They differ greatly in their expositions about the origin and nature of nationalism but a fundamental similarity exists as all of them identify State as the most paramount factor in the evolution and operation of nationalism. They argue that though nations and nationalist sentiments existed in the medieval period, nationalism blossomed fully only in the modern period with the emergence of the modern State. Anthony Giddens argued that the advent of French Revolution engineered the birth and growth of nationalism all over Europe.

Michael Mann articulated that there are four sources of social power. They are

1) Ideological power

2) Economic power

3) Military power and

4) Political power.

These four sources, often in combination acted historically to produce nationalism in different periods. The ideological factor in the form of religion promoted the birth of infant nations as in the case of England in the 16th century. The second phase saw the economic, especially commercial power  contributing  to  the  birth  of nationalism  in Western  Europe.  The military power influenced the origin of nationalism in the third phase and finally political power         shaped the evolution of nationalism.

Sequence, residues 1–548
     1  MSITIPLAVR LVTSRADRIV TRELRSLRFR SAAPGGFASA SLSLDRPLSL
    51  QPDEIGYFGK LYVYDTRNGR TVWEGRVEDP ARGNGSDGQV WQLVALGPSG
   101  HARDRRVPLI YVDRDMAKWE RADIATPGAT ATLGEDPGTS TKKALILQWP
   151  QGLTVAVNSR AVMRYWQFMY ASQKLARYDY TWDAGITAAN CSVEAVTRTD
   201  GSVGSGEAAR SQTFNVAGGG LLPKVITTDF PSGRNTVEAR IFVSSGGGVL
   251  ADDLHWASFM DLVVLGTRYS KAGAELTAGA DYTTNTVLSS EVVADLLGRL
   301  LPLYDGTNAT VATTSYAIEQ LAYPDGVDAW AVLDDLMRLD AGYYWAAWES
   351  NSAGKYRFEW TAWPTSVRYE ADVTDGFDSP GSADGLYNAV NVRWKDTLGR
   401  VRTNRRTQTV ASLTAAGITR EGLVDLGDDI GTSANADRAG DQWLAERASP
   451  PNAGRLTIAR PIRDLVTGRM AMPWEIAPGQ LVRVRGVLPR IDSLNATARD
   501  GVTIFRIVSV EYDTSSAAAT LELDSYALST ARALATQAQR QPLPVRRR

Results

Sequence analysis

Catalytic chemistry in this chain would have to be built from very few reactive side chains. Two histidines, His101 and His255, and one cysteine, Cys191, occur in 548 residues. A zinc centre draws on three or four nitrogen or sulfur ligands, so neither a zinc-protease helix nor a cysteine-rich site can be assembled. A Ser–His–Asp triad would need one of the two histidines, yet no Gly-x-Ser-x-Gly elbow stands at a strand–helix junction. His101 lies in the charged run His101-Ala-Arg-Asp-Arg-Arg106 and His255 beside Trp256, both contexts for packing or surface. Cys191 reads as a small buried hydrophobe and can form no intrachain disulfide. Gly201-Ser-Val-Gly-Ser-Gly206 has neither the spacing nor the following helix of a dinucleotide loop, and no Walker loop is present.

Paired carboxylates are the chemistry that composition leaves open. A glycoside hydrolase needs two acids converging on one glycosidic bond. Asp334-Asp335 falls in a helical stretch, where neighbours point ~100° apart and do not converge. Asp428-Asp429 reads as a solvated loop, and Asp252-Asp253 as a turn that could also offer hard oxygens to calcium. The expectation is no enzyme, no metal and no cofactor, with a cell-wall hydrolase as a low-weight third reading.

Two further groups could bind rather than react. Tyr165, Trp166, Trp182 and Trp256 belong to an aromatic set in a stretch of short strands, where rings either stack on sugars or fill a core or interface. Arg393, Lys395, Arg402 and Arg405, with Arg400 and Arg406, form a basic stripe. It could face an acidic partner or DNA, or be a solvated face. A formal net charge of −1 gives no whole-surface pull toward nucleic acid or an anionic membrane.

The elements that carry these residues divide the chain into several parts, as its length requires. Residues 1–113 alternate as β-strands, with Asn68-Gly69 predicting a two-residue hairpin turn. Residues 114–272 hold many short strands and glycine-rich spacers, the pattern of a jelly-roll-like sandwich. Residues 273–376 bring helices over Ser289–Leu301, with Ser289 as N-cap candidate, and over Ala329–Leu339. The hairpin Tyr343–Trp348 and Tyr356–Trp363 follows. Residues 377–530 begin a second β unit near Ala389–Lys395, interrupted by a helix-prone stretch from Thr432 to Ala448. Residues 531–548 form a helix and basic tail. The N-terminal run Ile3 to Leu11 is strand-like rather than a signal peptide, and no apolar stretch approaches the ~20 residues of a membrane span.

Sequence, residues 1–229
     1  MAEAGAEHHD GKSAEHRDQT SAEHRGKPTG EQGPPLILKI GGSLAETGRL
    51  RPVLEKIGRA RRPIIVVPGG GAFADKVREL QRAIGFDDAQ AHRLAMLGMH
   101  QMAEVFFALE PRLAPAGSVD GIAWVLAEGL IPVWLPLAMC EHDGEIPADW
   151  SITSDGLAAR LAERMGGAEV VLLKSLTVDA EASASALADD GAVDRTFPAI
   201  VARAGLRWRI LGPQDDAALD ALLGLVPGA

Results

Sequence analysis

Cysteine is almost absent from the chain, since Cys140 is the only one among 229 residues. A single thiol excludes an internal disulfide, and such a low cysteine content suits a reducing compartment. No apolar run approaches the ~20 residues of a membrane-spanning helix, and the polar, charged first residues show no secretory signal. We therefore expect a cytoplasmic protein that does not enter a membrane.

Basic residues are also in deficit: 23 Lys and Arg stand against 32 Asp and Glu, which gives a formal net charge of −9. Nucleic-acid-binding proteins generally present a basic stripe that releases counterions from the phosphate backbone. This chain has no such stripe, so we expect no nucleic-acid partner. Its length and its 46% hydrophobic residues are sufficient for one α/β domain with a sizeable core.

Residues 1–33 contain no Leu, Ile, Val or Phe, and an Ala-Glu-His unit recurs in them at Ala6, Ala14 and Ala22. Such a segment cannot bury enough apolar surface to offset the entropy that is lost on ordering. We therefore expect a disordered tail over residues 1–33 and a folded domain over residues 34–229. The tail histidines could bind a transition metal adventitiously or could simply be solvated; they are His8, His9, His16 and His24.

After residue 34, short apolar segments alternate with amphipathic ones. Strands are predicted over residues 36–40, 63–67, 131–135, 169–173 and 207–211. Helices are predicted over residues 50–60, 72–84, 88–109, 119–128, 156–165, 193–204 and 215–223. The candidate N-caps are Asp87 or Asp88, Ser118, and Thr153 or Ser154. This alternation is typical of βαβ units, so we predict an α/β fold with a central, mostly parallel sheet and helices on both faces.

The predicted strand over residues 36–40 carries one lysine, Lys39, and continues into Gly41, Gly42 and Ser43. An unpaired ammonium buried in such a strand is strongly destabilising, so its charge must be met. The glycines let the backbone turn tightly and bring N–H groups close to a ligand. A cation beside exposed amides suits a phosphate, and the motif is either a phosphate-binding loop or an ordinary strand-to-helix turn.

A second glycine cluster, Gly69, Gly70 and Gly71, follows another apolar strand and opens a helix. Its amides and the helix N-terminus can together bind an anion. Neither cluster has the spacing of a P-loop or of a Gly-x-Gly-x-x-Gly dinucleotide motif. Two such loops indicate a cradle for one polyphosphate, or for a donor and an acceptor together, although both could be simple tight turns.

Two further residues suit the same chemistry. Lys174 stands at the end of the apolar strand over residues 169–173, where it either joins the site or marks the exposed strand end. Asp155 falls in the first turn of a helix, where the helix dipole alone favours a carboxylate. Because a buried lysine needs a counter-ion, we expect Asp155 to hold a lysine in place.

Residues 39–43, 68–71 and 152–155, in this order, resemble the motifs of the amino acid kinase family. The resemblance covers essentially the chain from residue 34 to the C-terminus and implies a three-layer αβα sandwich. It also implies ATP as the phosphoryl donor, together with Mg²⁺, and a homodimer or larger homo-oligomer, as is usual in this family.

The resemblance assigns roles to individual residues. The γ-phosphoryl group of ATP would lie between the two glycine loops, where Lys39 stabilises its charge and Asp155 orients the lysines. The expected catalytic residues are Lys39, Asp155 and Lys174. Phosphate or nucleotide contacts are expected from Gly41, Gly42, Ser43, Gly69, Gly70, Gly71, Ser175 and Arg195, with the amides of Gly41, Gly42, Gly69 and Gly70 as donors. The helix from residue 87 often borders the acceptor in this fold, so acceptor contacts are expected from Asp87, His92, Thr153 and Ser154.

The central argument of these theorists belonging to post-ideological theory of nationalism is that the modern State along with commercial capitalism initially created and influenced the growth of nationalism.

Communication Theory of Nationalism

Karl Deutsch and Benedict Anderson are among the important theorists of communication theory of nationalism. Deutsch defined nation as ‘as a group of people who communicate more effectively and intensely with one another than with people outside the group’. He examined the data from different streams of knowledge like economics, history and demography and arrived at the conclusion that communication played the role of a parent in the birth of nationalism and nationality. The development of effective internal communication linked all people in the country and created the feelings of moral and political identity contributing to the emergence of nationalism.